numbers, he might mistake a 7 for a 1 and add the numbers together wrong. He
might, while adding, disregard a number once in a while. All these possible
mistakes would lead to the wrong final answer, but what causes these errors?
Once again, the time factor is very important. Given the chance to redo his
calculations another 99 times, he would certainly produce the correct final
answer. The reason he committed errors was simply that he was doing an action
faster that his brain and eyes could handle with 100% accuracy. It seems that
our brains can compute complex operations that allow us to drive a car through
terrible weather conditions, at night, but all these operations cannot be
accomplished within too short a time limit.
So far, we have discussed the speed at which the brain can compute
operations without error. We must consider other factors which can also lead to
mistakes. To explain other types of error, I will use a terminology developed
and used by the philosopher Bertrand Russell. He identifies something called
sense data. Sense data is the data received by our senses from the object being
"sensed". For instance, if a person is looking at a red apple, the shape and
color and all other aspects of this apple are received in the form of sense data.
In the case of the man adding up the numbers, he mistook a 7 for a 1. What
really happened is that his senses misidentified the number. The sense data was
received by his eyes, which then converted this information into an electrical
signal to be sent to the brain for analysis. There are thus two possibilities.
Either the eyes did not transform the signal of the 7 properly, or the brain
misunderstood the signal received from the eyes. In both cases, the sense data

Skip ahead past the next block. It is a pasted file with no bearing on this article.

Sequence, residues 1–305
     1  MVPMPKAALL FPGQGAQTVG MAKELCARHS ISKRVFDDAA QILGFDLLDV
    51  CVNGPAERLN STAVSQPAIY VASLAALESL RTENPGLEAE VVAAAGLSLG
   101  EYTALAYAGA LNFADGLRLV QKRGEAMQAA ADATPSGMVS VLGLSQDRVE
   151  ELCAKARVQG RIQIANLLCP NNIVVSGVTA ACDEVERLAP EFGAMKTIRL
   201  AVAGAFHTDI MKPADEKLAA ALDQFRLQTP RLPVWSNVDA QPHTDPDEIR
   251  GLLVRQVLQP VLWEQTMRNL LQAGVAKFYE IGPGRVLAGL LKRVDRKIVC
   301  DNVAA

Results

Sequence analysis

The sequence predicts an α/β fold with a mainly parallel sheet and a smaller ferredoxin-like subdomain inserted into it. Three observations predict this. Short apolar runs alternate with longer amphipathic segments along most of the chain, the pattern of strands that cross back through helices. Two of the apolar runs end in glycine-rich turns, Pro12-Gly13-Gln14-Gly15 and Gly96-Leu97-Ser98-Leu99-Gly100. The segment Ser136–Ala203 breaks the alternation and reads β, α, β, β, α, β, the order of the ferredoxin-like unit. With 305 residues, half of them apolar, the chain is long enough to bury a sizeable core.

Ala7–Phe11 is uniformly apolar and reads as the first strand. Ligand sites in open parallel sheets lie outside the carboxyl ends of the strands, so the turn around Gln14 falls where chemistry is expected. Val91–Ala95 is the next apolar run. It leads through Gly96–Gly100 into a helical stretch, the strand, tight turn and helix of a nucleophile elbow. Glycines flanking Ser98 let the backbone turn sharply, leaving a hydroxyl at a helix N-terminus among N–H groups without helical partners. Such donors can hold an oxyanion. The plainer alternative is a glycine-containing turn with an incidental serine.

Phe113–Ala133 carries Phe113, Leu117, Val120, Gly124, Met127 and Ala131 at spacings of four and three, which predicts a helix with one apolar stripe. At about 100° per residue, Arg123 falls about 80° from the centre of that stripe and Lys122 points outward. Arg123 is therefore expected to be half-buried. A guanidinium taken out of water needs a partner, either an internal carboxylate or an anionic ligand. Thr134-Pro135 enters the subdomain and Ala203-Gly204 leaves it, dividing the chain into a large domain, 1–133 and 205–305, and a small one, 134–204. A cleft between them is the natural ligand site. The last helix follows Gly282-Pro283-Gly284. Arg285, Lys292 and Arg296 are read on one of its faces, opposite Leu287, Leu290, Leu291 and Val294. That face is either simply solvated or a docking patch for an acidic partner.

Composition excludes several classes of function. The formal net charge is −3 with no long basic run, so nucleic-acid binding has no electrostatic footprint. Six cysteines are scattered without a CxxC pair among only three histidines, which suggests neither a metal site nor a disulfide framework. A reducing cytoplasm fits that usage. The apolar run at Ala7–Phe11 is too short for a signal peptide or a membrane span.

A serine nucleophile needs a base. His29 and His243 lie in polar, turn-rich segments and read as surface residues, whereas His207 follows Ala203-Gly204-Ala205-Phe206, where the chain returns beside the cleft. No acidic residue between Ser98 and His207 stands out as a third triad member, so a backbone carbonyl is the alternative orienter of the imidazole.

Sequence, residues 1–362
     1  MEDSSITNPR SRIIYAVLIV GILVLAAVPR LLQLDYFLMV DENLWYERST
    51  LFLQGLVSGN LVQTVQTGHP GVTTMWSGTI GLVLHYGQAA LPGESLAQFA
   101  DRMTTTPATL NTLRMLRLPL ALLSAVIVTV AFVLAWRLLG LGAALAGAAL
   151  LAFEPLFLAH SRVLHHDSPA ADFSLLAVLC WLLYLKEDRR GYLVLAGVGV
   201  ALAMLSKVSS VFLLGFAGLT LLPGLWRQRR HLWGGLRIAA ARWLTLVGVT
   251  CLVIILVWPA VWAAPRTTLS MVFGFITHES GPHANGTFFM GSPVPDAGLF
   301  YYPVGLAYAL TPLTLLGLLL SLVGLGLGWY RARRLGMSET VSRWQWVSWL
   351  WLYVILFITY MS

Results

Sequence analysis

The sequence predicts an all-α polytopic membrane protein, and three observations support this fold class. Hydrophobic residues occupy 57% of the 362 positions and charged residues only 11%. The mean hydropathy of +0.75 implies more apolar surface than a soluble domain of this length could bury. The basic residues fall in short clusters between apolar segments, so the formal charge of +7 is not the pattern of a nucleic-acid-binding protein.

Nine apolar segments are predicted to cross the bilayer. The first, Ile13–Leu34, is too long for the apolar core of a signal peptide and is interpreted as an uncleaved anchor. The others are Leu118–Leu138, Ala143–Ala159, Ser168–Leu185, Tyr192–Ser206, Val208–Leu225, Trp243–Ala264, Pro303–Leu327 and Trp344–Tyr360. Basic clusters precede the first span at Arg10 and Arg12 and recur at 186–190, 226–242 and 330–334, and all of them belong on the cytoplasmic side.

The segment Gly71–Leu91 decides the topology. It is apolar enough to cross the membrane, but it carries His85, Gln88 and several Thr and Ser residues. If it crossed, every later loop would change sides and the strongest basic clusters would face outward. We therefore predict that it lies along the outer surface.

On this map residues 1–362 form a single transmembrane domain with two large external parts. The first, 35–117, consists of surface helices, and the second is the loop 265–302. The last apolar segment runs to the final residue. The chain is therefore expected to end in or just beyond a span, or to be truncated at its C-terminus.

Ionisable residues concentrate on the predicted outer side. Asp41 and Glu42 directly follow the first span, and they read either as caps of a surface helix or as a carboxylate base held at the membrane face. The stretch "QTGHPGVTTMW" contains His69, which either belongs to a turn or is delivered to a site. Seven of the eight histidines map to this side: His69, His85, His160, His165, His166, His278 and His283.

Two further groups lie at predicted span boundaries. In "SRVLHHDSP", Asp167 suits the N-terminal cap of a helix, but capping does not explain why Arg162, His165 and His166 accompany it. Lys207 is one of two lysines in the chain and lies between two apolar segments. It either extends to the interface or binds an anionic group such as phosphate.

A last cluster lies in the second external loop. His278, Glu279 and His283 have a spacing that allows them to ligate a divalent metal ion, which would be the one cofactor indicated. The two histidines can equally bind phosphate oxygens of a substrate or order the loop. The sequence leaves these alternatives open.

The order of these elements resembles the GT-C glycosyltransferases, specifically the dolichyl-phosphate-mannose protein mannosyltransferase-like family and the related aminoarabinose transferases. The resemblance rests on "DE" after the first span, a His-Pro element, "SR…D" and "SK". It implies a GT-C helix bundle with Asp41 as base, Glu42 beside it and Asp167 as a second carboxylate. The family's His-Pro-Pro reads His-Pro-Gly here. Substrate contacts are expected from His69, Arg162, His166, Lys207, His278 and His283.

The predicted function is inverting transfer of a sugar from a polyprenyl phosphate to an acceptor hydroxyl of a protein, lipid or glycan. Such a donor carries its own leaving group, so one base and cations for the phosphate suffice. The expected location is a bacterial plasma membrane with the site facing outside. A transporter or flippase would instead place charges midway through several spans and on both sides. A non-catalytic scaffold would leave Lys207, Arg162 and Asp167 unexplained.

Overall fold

was analyzed incorrectly, leading to an error in the final calculation.
Some skeptics might criticize my position by saying that, no matter how
much time a person has to complete a job, he or she might still commit errors.
In the example of the cashier that I used earlier, one might say that although
she had 15 minutes to select 3 different coins, that she still might make a
mistake. One could justify this position by saying that this is due to a lack of
attention. If a person has 15 minutes to complete a simple task, they will pay
very little attention to the details. If the coin is slightly worn out, and the
cashier is not paying attention, then she will pick it up by mistake. Moreover,
once the coin is selected, she will assume that it is the right one, so that
even if she checks the coins before handing them to the customer, she might
simply assume that she has selected the correct amount. My answer to this
position is fairly clear. No matter how little attention she pays to the job she
is doing, that is not where the error lies. If she is distracted while picking
up the coins in question, then her senses are not receiving and analyzing the
sense datum properly, or thoroughly. This is simply a more complex case of what
I described earlier, with the man mistaking a 7 for a 1. The individual is not
drawing the right conclusion from the sense data received.
In light of the examples and discussions presented, I think is safe to
say that human error is due to the fact that the brain can only function
perfectly up to a certain speed. Also, the five human senses do not always
properly interpret the sense data received, causing the brain to make mistakes.
Not paying attention to what one is doing is not a reason for making a mistake.
It is the repercussions of this behavior that cause the error, because the
person is not using his/her senses properly. In conclusion, it is understandable
that humans make mistakes despite the fact that our senses receive sense data
from objects surrounding us. After all, if this weren't true, you would have
just finished reading a perfect essay!